Declaration of interest

J F Arnal received a research funding from Pfizer, Inc. The other authors have nothing to disclose.

Funding

This study was financially supported by Pfizer Pharmaceuticals, Inc., Pfizer IIR WI191216. This work was also supported by the INSERM, the Université de Toulouse III, the Institut Universitaire de France, the Fondation pour la Recherche Médicale (DEQ20160334924 and DEQ20170336737) and the Fondation de France.

Acknowledgments

The staff of the animal facilities and of the ‘Plateforme d’experimentation fonctionnelle’ are acknowledged for their skillful technical assistance. They also thank G Carcasses for his excellent technical assistance. L Fontaine and I Raymond Letron at EVNT are also acknowledged for their help with the immunohistochemistry experiments.

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  • 23

    GoldbergTFidlerB. Conjugated estrogens/Bazedoxifene (Duavee): a novel agent for the treatment of moderate-to-severe vasomotor symptoms associated with menopause and the prevention of postmenopausal osteoporosis. Pharmacy & Therapeutics 2015 40 .

    • Search Google Scholar
    • Export Citation
  • 24

    ValeraMCGratacapMPGourdyPLenfantFCabouCToutainCEMarcellinMSaint LaurentNSiePSixouM Chronic estradiol treatment reduces platelet responses and protects mice from thromboembolism through the hematopoietic estrogen receptor alpha. Blood 2012 120 . (https://doi.org/10.1182/blood-2012-01-405498)

    • PubMed
    • Search Google Scholar
    • Export Citation
  • 25

    ValeraMCFontaineCLenfantFCabouCGuillaumeMSmirnovaNKimSHChambonPKatzenellenbogenJAKatzenellenbogenBS Protective hematopoietic effect of estrogens in a mouse model of thrombosis: respective roles of nuclear versus membrane estrogen receptor alpha. Endocrinology 2015 156 . (https://doi.org/10.1210/en.2015-1522)

    • Search Google Scholar
    • Export Citation
  • 26

    ValeraMCNoirrit-EsclassanEDupuisMBuscatoMVinelAGuillaumeMBriauxAGarciaCBenoitTLairezO Effect of chronic estradiol plus progesterone treatment on experimental arterial and venous thrombosis in mouse. PLoS ONE 2017 12 e0177043. (https://doi.org/10.1371/journal.pone.0177043)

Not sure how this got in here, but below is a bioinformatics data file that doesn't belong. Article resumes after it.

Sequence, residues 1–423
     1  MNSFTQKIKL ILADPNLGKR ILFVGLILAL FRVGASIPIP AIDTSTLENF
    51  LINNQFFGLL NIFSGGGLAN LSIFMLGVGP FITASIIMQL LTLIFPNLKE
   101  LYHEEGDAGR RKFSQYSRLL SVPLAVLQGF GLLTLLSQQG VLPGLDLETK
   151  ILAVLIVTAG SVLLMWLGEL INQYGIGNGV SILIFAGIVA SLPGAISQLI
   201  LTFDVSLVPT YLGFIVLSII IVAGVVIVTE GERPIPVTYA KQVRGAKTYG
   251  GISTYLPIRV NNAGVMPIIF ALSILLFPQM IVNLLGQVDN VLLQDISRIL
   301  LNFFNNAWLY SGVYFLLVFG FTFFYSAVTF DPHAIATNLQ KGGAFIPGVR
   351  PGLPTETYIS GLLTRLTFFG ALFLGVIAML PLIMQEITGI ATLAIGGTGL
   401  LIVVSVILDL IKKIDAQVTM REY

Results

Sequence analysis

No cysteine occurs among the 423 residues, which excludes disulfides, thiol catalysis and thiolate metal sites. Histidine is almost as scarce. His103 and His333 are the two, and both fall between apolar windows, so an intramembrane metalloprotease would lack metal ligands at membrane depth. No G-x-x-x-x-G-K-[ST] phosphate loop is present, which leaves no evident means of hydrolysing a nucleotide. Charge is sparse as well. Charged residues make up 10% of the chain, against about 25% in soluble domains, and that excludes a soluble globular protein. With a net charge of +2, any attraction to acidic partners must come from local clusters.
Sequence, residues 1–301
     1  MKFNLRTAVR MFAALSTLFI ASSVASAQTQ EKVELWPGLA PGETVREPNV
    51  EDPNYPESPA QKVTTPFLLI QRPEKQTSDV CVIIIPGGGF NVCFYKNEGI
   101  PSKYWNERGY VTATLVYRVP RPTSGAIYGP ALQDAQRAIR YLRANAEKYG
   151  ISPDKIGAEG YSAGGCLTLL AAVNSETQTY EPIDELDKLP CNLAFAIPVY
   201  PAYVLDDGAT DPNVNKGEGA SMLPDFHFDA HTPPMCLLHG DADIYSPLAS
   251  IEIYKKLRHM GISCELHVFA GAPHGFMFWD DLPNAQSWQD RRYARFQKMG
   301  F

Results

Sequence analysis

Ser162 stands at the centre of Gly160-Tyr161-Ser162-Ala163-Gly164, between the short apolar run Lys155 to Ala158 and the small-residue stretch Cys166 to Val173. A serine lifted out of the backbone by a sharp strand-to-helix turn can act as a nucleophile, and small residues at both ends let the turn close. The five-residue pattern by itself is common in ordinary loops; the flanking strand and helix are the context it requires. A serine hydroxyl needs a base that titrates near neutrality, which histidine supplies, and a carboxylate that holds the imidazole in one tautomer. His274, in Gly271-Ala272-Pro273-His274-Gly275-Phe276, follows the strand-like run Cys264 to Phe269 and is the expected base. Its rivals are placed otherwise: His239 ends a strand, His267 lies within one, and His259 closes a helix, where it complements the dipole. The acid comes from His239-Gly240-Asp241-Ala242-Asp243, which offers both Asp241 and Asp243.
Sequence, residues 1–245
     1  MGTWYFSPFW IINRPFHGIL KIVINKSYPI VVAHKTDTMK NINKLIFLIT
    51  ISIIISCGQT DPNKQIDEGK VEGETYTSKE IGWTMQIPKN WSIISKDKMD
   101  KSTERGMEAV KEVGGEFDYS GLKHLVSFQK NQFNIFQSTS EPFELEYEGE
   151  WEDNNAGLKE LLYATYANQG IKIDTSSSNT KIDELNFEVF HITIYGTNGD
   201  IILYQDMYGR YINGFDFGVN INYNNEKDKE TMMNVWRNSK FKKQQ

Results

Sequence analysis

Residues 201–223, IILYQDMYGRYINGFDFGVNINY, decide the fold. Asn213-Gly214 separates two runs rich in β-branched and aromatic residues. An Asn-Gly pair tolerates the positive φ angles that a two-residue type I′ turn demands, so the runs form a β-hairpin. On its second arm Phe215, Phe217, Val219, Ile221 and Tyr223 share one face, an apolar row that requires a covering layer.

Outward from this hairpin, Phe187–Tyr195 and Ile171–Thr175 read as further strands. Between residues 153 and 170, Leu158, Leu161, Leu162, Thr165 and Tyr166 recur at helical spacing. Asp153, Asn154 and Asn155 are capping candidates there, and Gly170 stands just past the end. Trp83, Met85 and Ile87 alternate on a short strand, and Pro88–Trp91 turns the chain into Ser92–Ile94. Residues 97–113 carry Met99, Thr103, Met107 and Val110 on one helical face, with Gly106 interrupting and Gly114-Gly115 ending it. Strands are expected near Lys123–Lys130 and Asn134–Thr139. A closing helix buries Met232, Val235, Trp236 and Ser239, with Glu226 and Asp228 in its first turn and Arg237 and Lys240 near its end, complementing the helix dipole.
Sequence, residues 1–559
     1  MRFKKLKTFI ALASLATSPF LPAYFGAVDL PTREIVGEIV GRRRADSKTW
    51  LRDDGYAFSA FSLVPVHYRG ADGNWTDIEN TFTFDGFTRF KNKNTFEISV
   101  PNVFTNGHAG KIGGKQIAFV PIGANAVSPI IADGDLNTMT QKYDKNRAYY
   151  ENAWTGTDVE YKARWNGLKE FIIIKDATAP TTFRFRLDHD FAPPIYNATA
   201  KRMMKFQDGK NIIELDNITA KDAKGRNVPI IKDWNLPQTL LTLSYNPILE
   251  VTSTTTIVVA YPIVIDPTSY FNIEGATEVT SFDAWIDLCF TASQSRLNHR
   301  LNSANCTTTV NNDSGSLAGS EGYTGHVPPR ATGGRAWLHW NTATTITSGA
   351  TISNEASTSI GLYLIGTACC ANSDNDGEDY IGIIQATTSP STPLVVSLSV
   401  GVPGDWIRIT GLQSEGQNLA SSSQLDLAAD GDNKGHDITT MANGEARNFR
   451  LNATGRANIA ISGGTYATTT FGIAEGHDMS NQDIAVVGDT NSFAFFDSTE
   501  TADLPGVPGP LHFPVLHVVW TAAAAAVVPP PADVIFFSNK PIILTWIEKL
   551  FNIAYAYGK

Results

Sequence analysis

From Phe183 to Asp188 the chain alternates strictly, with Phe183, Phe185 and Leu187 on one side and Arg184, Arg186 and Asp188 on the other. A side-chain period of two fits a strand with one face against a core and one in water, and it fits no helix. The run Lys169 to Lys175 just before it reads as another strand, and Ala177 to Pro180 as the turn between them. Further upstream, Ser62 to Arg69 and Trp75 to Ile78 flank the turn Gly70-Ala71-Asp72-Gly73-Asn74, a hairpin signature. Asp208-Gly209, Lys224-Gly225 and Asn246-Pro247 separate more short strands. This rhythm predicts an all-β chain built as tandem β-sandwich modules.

• Crossref
    • PubMed
    • Search Google Scholar
    • Export Citation
  • 27

    BuscatoMFontaineCFabreAVinelAValeraMCNoirritEGuillaumeMPayrastreBMetivierRArnalJF. The antagonist properties of Bazedoxifene after acute treatment are shifted to stimulatory action after chronic exposure in the liver but not in the uterus. Molecular and Cellular Endocrinology 2018 472 . (https://doi.org/10.1016/j.mce.2017.11.022)

    • PubMed
    • Search Google Scholar
    • Export Citation
  • 28

    AbotAFontaineCRaymond-LetronIFlouriotGAdlanmeriniMBuscatoMOttoCBergesHLaurellHGourdyP The AF-1 activation function of estrogen receptor alpha is necessary and sufficient for uterine epithelial cell proliferation in vivo. Endocrinology 2013 154 . (https://doi.org/10.1210/en.2012-2059)

    • PubMed
    • Search Google Scholar
    • Export Citation
  • 29

    ParishSJGillespieJA. The evolving role of oral hormonal therapies and review of conjugated estrogens/Bazedoxifene for the management of menopausal symptoms. Postgraduate Medicine 2017 129 . (https://doi.org/10.1080/00325481.2017.1281083)

    • PubMed
    • Search Google Scholar
    • Export Citation
  • 30